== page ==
Using a suitably arranged mixed sputter target, it is possible to form core layer 22 and sidewall layer 20B of FIG. 4B of different material during a single deposition. The mixed sputter target may be used with any of the sputter deposition processes described here. The mixed sputter target has a central portion composed of, for example, a higher index material and/or a doped material, and an outer portion composed of a lower index and/or an undoped material. For the rectangular target, as described in the '307 application, the central portion can form a “stripe” running across the entire target.
 The material comprising the core layer 22 of FIGS. 4A and 4B will be a line of sight mixture of the two portions of the target. The mixture will be determined by the ratio of area of the two regions and the relative sputter rates of the two regions, together with the subtended solid angles of the two regions, which are further weighted by the square of the inverse of the distance. By placing the ridge structured lower cladding layer under the central portion of the target for sputter deposition, the material deposited on core layer 22 favors the material of the central region of the target. Material deposited on slab layer 25 between the ridges would similarly be enriched in central region material.
 At the same time, the material deposited on sidewall region 20B favors the material of the outer portion of the sputter target. If the material of the outer portion of the target is composed of the same or similar material as that of regions 11 or 11P, the refractive index of the coating of the sidewall will be similar to that of the lower cladding 11 or 11P. In the case of FIG. 4B, it can be seen that, using the mixed sputter target, a gradient in the index from the core layer 22 to the sidewall layer 20B can be obtained. A structure with such a gradient can be thought of as the planar equivalent of a graded biconic fiber. A region of smooth gradient in refractive index, at the interface between core layer 22 and sidewall layer 20B, is beneficial in further reducing scattering from the non-etched core.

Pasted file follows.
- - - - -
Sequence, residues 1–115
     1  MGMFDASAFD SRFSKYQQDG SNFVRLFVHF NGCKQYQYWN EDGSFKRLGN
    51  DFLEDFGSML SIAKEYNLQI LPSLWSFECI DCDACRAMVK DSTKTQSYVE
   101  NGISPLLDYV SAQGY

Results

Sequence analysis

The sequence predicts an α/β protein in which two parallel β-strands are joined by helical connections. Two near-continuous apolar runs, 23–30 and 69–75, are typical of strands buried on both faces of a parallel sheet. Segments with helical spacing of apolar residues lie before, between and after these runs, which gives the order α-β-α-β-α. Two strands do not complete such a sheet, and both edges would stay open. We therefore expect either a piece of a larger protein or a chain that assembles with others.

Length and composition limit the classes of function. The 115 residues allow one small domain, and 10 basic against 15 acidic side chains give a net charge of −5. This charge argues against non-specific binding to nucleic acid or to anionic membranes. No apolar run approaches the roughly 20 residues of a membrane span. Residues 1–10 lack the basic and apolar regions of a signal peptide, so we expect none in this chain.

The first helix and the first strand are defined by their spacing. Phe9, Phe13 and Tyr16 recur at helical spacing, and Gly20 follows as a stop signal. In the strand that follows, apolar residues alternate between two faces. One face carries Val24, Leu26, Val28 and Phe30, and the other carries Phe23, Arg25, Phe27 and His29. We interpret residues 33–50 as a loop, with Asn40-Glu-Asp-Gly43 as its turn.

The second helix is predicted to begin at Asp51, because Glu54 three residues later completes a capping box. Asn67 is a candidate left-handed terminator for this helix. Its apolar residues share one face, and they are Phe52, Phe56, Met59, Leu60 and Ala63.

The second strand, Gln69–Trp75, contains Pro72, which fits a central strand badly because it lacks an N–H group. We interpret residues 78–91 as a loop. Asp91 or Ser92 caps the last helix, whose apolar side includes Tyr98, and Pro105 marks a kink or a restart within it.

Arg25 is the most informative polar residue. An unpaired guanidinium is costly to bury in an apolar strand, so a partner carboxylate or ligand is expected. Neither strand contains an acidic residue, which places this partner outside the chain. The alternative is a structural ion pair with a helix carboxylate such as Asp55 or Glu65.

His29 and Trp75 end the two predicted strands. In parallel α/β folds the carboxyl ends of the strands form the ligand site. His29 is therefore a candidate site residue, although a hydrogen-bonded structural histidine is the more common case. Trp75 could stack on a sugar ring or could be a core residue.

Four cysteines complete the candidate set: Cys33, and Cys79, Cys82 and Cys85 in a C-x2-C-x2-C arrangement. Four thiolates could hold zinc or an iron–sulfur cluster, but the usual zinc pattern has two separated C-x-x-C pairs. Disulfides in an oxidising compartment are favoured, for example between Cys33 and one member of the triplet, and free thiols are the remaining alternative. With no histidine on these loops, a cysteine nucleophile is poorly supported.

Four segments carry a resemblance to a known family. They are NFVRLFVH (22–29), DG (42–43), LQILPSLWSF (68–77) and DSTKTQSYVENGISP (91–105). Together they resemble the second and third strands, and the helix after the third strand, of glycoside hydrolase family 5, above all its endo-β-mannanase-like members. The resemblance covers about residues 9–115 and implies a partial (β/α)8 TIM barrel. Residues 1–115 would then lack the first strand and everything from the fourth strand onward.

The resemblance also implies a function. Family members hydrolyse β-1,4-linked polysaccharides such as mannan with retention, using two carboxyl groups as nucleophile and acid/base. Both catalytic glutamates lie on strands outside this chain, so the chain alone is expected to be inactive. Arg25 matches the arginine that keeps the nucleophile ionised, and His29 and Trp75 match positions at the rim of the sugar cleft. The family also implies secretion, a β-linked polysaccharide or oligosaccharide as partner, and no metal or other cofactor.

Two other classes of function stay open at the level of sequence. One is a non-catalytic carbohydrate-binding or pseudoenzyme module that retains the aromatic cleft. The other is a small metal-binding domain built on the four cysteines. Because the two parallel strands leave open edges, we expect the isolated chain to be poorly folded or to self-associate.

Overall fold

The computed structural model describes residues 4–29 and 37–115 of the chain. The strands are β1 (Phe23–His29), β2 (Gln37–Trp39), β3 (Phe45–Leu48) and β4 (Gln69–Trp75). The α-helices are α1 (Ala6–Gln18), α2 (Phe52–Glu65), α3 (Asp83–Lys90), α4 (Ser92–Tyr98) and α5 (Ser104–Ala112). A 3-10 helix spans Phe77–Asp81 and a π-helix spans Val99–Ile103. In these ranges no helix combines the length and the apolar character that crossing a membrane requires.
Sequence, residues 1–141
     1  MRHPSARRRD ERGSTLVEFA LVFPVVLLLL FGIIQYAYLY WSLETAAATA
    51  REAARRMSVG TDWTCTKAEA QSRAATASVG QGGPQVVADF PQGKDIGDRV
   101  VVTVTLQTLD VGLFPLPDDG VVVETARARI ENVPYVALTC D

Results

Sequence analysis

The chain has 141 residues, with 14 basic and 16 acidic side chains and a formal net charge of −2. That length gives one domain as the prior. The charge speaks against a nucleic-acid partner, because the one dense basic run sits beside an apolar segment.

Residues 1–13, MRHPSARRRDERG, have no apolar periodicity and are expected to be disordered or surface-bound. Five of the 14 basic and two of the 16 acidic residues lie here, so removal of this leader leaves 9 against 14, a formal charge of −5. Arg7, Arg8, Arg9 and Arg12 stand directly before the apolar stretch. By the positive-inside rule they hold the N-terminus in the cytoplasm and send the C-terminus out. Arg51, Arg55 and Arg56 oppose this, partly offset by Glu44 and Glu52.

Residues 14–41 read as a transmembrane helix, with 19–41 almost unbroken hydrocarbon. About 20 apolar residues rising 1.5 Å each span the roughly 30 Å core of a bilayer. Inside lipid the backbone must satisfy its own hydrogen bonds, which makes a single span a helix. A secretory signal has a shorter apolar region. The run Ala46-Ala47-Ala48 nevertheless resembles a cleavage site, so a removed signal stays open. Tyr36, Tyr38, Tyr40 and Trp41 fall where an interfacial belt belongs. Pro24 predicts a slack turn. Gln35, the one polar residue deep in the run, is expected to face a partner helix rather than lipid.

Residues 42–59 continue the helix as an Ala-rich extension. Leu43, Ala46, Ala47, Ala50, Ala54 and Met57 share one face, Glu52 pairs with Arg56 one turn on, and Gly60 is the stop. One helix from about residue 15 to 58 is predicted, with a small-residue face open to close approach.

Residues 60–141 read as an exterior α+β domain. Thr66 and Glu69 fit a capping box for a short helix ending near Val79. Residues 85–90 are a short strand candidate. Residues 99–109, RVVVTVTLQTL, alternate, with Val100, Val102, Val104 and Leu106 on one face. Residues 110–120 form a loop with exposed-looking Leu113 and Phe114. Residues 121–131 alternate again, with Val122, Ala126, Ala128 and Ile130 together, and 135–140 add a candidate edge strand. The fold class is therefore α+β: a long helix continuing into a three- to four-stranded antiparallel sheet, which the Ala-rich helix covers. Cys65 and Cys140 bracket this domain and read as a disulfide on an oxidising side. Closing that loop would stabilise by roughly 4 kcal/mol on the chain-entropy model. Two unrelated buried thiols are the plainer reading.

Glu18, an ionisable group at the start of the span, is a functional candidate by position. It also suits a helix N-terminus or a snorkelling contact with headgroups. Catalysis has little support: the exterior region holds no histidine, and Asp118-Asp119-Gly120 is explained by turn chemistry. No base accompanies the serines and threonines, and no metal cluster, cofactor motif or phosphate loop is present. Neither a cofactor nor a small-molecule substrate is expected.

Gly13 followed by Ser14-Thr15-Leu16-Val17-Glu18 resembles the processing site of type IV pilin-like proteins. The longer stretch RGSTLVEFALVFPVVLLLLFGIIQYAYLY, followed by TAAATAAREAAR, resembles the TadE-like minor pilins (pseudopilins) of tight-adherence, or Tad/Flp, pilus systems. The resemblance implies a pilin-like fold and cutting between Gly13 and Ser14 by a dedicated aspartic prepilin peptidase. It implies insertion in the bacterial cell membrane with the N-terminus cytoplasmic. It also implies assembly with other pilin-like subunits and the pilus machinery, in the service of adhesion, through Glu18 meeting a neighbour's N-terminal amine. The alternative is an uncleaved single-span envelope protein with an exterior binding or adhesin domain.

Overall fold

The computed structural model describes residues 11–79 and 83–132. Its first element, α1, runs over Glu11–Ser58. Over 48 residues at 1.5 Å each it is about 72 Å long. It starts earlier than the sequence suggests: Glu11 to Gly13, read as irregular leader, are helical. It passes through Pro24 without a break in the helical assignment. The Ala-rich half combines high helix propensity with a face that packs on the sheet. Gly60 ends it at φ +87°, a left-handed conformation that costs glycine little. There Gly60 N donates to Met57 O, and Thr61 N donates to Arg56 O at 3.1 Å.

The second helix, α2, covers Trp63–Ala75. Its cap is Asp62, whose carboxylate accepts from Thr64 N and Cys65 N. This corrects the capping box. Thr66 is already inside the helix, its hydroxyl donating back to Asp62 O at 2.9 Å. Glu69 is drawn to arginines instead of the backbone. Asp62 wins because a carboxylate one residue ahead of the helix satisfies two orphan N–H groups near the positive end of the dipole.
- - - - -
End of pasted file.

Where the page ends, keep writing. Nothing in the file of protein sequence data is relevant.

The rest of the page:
Another advantageous PVD method of depositing core layer 20 or upper cladding layer 30 uses reactive pulsed direct current (DC) magnetron sputtering with a wide area target. An apparatus used for DC sputtering may be similar to that illustrated in FIG. 3 except for reference 54, which, in the DC case, is a pulsed DC power supply instead of an RF generator. In reactive DC sputtering, the deposited material is the result of a reaction between species sputtered from the target 52 and a reactive gas provided in the sputtering chamber. For example, reactive DC sputtering can be used to provide an upper cladding layer 30 composed of alumina, Al2O3, by sputtering an aluminum target under conditions where oxygen has been added to an inert background gas.